- The Huajian Networks of China Unicom(联通华建网络)
- Upay online recharge service of China Unicom
- Platform of China Telecom(中国电信)
- The Giant Interactive(巨人网络)
- The SNDA( 盛大)
- The Perfect World(完美世界)
- Y Coin by Duowan YY(多玩Y币)
- Debit card of 91 Purchase Platform(91充值平台)
- The V Coin(V币)
- Any other purchase platforms which send SMS that contain one of the following words “支付”(payment), “卡号”( card number), “密码”( password) or “客服” (customer).
The vulnerability that Cardbuyer exploits is that many services in China rely on sending and receiving SMS messages to authorize mobile purchases. This assumes that the mobile phone making the purchase is not only in the possession of the owner, but also that malware is not intercepting their messages. The service providers have recognized that this is a problem and placed multiple hurdles along the way, but Cardbuyer jumps over each of them.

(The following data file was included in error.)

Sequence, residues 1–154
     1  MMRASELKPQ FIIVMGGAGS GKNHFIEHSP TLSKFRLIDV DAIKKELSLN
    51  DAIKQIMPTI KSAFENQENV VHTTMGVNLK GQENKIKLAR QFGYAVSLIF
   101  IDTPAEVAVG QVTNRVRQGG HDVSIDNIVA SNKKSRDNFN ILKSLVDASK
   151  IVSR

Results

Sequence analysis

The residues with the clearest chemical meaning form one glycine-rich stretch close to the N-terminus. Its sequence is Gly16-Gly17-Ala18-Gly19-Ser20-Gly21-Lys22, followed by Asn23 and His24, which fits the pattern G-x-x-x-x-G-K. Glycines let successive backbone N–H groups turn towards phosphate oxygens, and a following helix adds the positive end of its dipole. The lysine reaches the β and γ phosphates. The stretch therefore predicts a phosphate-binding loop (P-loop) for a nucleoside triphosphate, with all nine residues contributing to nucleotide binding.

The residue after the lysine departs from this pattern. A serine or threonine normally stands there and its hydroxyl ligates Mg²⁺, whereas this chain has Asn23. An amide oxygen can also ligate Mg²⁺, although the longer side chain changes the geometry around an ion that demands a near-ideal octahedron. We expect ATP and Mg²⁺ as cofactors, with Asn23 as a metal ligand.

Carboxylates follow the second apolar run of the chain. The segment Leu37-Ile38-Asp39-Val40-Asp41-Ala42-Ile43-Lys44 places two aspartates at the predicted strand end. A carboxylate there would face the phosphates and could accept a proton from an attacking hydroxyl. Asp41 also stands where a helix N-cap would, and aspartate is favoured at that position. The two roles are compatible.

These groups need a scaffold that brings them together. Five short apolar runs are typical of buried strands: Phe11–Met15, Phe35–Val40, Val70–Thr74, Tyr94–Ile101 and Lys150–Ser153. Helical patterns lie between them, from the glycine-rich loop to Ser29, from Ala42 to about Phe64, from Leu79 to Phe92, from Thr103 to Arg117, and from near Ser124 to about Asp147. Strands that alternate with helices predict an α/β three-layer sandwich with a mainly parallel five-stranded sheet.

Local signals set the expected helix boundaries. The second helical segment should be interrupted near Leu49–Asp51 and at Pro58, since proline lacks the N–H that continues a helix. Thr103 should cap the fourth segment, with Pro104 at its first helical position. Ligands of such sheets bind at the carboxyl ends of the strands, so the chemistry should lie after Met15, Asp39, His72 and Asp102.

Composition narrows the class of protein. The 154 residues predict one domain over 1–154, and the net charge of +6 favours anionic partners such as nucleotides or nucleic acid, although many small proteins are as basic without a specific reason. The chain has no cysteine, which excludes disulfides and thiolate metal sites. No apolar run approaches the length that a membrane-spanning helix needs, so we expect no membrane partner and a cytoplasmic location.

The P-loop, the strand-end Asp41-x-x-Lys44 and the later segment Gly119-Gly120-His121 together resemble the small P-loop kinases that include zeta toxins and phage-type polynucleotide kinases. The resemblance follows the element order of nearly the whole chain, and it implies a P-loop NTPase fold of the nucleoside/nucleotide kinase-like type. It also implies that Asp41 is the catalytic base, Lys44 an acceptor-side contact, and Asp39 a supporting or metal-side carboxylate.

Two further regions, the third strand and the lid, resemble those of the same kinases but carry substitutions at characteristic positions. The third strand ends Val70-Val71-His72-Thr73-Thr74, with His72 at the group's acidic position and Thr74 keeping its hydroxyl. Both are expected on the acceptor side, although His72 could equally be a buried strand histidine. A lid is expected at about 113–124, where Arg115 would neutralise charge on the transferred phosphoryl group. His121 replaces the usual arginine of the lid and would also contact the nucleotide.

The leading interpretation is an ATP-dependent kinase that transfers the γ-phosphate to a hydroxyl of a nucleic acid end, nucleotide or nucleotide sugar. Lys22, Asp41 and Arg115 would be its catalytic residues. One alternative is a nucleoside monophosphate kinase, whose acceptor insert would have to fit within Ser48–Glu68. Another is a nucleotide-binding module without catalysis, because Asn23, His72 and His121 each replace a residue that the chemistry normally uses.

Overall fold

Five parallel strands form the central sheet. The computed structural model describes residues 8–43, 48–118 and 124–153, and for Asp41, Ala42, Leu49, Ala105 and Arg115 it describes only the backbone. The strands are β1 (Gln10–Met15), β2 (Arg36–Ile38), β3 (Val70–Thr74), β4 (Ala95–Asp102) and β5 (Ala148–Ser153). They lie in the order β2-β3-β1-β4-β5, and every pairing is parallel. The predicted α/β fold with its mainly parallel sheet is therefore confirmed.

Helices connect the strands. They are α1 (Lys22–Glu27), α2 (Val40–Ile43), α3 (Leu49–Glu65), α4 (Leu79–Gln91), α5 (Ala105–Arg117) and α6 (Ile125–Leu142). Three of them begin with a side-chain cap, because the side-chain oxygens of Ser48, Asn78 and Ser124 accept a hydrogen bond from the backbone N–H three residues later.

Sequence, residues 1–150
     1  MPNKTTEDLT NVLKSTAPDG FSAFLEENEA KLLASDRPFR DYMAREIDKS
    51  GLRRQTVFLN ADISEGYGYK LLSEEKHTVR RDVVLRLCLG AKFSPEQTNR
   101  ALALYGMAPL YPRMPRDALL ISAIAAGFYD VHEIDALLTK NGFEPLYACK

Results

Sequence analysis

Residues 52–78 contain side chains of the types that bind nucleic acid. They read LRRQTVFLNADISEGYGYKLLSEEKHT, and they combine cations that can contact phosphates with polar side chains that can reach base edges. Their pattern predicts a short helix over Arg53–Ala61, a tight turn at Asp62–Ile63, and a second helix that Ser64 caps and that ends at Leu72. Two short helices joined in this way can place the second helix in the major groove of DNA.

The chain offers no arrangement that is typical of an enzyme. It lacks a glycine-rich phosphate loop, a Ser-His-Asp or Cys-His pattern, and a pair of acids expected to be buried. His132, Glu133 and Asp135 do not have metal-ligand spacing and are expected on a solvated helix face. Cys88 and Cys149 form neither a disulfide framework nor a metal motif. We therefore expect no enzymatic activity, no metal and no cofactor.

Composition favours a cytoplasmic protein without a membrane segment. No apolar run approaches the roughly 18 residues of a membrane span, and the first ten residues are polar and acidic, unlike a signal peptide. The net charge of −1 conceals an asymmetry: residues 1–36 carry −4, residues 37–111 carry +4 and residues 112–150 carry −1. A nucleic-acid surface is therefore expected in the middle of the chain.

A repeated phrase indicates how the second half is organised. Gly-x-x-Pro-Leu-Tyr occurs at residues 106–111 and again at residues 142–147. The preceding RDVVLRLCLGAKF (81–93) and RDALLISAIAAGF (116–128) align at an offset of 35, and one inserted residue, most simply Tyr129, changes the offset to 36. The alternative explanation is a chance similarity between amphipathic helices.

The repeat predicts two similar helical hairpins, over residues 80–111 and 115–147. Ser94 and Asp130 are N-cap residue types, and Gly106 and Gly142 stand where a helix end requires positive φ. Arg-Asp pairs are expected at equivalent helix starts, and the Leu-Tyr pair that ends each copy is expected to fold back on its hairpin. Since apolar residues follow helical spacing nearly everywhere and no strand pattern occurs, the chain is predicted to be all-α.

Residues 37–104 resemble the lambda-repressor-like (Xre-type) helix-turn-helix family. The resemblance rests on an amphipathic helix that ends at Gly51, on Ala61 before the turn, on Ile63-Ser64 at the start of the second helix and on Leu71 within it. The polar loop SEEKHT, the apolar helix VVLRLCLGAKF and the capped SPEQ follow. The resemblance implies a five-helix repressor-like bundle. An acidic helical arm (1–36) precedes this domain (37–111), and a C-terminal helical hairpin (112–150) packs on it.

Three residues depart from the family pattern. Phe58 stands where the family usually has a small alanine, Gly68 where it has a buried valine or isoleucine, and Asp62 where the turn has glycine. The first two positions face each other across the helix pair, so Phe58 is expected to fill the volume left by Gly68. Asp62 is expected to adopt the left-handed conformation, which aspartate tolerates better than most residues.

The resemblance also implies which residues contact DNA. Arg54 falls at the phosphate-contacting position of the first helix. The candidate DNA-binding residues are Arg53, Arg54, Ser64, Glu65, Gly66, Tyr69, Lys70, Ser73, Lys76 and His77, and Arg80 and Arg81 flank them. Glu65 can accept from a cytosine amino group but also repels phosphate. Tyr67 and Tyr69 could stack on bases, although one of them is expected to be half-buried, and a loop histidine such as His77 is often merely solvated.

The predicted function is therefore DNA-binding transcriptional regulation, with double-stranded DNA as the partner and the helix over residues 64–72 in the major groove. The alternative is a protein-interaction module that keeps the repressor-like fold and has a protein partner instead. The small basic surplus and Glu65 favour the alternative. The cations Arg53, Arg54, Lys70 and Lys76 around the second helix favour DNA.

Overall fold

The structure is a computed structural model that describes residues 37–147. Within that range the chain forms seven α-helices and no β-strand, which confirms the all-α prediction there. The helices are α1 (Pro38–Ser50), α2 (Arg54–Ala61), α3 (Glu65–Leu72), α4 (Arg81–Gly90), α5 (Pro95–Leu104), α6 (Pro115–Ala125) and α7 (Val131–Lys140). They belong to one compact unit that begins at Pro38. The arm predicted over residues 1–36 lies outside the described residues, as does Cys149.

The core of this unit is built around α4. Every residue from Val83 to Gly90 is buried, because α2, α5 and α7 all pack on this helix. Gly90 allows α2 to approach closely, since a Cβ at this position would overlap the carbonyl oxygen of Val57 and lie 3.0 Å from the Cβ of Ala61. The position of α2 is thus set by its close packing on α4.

Cardbuyer in Action
The sample of Cardbuyer we detected this week is disguised as “sexy” video application. The name is看片神器 which translates to “a super tool for watching videos” and the icon is a provocative photo. The Trojan was detected by WildFire when a user at a university in China downloaded an Android APK file from fdown.u.qiniudn.com, a Chinese cloud-based file storage service.
After installation, Cardbuyer will be launched automatically by system events and run stealthily in the background. Once launched, it contacts a command and control server hosted in China using an HTTP GET request to the following website to register the infection with the attacker: http://18.104.22.168:21910/my/service.php.